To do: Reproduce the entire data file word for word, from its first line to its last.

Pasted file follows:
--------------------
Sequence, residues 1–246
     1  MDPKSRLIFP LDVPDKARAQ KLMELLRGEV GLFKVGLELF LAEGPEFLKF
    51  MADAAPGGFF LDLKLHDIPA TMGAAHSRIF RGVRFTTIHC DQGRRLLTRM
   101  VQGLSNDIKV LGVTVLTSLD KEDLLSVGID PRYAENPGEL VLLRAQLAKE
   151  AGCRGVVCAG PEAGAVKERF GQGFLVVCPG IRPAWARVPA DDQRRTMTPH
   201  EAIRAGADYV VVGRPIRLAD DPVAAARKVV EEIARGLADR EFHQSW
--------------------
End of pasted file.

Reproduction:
Sequence, residues 1–246
     1  MDPKSRLIFP LDVPDKARAQ KLMELLRGEV GLFKVGLELF LAEGPEFLKF
    51  MADAAPGGFF LDLKLHDIPA TMGAAHSRIF RGVRFTTIHC DQGRRLLTRM
   101  VQGLSNDIKV LGVTVLTSLD KEDLLSVGID PRYAENPGEL VLLRAQLAKE
   151  AGCRGVVCAG PEAGAVKERF GQGFLVVCPG IRPAWARVPA DDQRRTMTPH
   201  EAIRAGADYV VVGRPIRLAD DPVAAARKVV EEIARGLADR EFHQSW